To the editor:
When it comes to public transportation, New York City Mayor Bill de Blasio’s fiscal budget left transit riders empty handed with bad news.
He failed to provide any significant funding toward $2.5 billion promised to meet the shortfall in the $32 billion MTA five-year capital plan.
There was also no money to support the following:
• The commuter rail fare equalization proposal — this would allow residents to pay the same $2.75 fare on the Long Island Railroad or Metro-North, as riding the subway, and provide a free transfer to the subway.
• $200 million, which would have provided half-fare Metrocards for several hundred thousand poor residents earning less than $26,000 per year.
• $4.3 billion of the $6 billion total cost still needed to construct the second phase of the Second Avenue subway.
• $800 million to build the new 7 train station at 10th Avenue and 41st Street.
• $200 million new Metro-North Riverdale and West Bronx service to Penn Station.
• $600 million for Staten Island North Shore bus rapid transit.
• $15 billion for State Island West Shore bus rapid transit, along with new ferry services.
• $231 million for Woodhaven Boulevard select bus service.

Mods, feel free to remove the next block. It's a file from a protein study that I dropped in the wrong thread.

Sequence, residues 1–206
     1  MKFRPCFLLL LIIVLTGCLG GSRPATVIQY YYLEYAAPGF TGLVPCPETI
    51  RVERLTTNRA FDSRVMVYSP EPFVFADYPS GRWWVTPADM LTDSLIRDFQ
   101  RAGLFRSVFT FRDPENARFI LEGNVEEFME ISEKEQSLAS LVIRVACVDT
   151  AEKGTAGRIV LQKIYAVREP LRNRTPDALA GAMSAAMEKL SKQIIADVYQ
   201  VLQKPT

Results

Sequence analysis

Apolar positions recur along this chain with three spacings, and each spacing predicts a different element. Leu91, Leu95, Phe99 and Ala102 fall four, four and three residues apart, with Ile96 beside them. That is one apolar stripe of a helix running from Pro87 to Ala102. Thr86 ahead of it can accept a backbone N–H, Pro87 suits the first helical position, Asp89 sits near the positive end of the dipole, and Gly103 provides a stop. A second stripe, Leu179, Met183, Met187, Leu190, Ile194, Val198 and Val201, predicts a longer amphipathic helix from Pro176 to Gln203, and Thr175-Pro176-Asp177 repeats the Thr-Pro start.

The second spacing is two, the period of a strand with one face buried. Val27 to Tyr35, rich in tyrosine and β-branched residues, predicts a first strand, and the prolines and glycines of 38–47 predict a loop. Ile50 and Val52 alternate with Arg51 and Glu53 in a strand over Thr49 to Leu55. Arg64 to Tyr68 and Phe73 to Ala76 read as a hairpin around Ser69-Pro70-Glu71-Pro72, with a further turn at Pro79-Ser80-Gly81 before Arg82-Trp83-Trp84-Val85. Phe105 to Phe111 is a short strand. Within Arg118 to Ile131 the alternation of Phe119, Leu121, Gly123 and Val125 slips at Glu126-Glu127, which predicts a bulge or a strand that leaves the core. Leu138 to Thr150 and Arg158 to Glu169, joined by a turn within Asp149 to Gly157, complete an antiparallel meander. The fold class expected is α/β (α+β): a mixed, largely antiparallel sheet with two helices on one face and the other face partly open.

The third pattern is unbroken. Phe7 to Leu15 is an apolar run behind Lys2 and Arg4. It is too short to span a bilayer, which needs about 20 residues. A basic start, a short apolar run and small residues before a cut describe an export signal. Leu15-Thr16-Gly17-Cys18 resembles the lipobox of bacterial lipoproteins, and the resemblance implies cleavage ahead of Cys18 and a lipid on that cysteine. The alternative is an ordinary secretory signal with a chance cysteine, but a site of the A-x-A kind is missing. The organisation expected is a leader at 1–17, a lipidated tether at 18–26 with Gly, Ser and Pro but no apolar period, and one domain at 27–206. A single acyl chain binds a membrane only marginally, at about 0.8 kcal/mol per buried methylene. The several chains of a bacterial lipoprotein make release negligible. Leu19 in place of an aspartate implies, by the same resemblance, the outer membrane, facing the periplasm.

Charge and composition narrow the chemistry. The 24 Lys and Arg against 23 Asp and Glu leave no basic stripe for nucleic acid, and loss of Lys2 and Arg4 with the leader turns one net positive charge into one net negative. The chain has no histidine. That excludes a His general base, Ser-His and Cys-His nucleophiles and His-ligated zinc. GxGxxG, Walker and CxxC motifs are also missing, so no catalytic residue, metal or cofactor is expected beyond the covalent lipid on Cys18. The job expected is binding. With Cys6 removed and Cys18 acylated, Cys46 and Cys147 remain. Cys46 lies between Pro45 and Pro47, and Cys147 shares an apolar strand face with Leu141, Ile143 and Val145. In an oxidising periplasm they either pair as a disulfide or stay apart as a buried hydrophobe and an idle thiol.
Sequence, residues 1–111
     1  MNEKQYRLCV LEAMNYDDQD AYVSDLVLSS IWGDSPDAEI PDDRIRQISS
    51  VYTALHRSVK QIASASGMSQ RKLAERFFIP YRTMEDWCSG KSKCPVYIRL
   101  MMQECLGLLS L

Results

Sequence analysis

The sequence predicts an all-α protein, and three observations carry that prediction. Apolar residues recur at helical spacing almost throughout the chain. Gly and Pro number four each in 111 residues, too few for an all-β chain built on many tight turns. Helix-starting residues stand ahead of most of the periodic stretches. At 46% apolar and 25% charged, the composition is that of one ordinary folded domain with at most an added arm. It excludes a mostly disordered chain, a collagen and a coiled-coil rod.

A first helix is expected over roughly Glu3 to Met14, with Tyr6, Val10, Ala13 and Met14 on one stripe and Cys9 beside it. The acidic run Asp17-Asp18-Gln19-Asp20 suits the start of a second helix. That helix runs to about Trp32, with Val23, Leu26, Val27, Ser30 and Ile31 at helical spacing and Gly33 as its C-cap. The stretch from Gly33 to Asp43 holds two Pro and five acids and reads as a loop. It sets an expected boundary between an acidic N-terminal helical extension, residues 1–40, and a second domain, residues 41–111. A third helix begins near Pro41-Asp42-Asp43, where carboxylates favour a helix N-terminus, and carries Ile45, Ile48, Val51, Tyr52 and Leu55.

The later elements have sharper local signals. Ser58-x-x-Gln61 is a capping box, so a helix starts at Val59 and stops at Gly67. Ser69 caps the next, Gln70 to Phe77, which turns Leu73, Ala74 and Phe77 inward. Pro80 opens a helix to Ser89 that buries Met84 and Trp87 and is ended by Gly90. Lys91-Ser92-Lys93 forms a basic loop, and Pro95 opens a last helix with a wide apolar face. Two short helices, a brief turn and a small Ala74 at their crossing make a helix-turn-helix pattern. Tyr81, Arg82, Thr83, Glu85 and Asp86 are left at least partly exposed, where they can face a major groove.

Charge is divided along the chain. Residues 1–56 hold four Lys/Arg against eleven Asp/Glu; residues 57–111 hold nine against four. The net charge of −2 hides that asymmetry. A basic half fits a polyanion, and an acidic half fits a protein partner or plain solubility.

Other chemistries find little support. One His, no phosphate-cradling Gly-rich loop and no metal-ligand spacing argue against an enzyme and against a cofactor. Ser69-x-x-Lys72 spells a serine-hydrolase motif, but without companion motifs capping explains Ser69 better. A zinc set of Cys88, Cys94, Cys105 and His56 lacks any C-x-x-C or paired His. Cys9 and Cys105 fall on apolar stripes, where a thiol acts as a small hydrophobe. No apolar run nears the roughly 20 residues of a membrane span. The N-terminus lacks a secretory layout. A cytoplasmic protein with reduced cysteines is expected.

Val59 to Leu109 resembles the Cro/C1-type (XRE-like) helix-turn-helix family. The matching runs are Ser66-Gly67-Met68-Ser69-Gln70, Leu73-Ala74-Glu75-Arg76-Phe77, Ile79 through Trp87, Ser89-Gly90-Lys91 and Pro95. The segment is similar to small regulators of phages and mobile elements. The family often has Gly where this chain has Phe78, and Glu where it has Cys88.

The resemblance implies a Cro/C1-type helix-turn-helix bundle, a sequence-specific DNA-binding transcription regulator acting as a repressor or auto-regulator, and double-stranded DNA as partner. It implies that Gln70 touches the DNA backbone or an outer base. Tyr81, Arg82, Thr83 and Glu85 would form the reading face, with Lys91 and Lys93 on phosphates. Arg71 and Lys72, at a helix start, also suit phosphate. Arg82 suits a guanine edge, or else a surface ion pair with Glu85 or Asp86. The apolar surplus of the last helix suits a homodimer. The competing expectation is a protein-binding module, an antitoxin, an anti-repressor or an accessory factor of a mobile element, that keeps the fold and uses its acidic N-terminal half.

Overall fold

• $100 million to construct light rail between Glendale and Long Island City on the old Montauk LIRR branch.
• $1 billion for restoration of LIRR services on the old Rockaway LIRR branch
• $2 billion for the Triboro X subway express, the new subway line connecting the Bronx, Queens and Brooklyn.
• $100 million for Main Street Flushing Intermodal Bus Terminal.
• $2.5 billion for the Brooklyn-Queens Waterfront Street car connector at a cost of $2.5 billion, connecting various neighborhoods along the waterfront from Sunset Park, Brooklyn, to Astoria, Queens.
Where does Mayor de Blasio think the MTA and Gov. Cuomo will find the cash for all these projects? The federal transit administration may be possible funding sources for a handful of these projects. City Hall will have to contribute some significant funding if many of these projects will ever see the light of day.
The author is a transportation historian and advocate who spent 31 years with the federal transit administration.